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Hawkwind - Quark, Strangeness And Charm CD (album) cover




Psychedelic/Space Rock

3.69 | 257 ratings

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5 stars Ironic really. Pre-Calvert, Hawkwind's albums were all intensely embedded in their era, albeit slightly behind the times once you get to Warrior on the Edge but even so, that was pretty post-hippy (Everyone was impressed with the fold-out sleeve: even Floyd fans.) Then, after the brief interlude of compilations and astounding sounds, comes Quark S & C. And with Spirit of the Age, it manages to achieve a timelessness that Brock, Turner et al could never have managed without Calvert.

Spirit of the Age, for example, is mostly about the anonymity and clinical inhumanity of cloning and generally mucking about with natural processes. You'd think of that as a 90s theme, at the very least. Meanwhile Hassan I sabha isn't just some doped out hippy's musing on an Arab Theme, Calvert had contacts among radical Muslims who were predicting a holy war with the West and Anglo-American Imperialism. Yes, that's right, he'd picked up on that theme in the late 70's, twenty odd years before it would shake the world. Calvert was, of course, off his tiny little rocker most of the time. He picked up on the more outlandish, extreme notions of his time. Life on Earth was seeded from outer space. Life would soon be cloned. Assassins of Allah would be fighting over petro-dollars.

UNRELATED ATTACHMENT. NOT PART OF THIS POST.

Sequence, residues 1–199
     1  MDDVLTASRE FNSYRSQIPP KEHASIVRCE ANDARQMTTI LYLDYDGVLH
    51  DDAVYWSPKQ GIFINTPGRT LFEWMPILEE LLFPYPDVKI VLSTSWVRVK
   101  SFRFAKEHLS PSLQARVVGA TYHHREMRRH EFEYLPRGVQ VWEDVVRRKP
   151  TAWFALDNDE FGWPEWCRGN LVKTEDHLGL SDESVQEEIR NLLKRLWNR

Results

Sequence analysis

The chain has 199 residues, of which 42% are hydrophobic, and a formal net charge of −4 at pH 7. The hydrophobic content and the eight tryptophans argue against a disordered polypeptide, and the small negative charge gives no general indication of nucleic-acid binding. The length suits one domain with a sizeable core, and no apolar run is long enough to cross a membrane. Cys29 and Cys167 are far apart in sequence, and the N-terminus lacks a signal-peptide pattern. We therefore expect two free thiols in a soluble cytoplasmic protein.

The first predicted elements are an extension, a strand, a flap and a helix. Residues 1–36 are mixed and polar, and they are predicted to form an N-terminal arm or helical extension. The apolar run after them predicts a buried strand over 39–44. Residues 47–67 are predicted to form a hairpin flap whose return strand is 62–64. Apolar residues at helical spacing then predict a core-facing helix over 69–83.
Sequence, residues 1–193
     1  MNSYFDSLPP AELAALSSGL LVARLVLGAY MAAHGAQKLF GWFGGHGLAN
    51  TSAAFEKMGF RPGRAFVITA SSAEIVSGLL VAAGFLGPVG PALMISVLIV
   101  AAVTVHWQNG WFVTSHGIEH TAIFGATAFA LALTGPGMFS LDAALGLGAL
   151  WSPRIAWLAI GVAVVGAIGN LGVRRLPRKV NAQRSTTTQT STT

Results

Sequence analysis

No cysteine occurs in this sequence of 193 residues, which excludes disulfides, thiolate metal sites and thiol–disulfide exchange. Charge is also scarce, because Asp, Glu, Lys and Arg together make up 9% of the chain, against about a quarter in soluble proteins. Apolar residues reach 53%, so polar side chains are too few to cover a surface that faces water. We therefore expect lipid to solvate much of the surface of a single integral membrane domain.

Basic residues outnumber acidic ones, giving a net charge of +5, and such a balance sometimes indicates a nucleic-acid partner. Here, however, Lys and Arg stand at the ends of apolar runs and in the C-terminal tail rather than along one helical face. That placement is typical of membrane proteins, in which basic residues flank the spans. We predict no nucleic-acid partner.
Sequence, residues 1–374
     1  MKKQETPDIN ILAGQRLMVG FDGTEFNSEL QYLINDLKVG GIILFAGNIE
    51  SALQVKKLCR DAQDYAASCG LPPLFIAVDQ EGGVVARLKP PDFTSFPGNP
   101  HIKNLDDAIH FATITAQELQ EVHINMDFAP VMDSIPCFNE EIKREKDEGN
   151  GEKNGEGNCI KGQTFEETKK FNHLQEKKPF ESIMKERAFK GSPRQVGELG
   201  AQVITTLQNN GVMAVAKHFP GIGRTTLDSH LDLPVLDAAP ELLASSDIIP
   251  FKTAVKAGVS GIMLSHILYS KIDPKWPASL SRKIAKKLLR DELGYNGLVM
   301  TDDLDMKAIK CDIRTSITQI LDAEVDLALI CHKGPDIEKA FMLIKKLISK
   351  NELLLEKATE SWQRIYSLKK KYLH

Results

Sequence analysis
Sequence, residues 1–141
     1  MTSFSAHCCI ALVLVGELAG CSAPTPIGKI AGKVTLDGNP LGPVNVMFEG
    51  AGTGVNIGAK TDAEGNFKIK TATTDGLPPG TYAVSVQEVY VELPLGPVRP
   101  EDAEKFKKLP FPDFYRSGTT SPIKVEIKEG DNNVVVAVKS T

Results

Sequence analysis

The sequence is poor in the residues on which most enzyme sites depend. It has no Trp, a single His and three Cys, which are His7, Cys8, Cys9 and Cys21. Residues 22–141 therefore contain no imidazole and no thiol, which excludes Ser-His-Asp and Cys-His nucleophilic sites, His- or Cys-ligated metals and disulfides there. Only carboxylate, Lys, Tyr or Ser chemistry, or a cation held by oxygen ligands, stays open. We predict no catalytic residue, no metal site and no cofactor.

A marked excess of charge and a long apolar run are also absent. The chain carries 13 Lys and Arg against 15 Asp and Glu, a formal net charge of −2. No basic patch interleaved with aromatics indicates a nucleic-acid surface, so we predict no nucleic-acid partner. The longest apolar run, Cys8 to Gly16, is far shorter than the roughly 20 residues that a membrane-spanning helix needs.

Where did he get these ideas? Well he stole them for the most part. But he brought them to the surface and the vehicle of Hawkwind was perfect for doing so.

There are still some who adhere to the notion that this album was somehow influenced by Punk. Strange then, that everyone of us buying it at the time were buying it precisely because it was NOT punk (nor anything like it). It had depth, musical ability, and a level of sophistication and intelligence.

QSC is a unique album. The result of a sophisticated musical heritage (coming out of 60's trance) and a deeply flawed but genuinely original genius. It is not to everyone's taste, but the dark, stark view of the world that was penned by Robert Calvert was very effectively animated by the musical abilities of Brock, House, King and Shaw. It achieves genius status because the music so perfectly has the edgy, off-key, slightly scaring tone that are demanded by the lyrics.

By the way, d'you know the names of any other sub-atomic particles?

| 5/5 |


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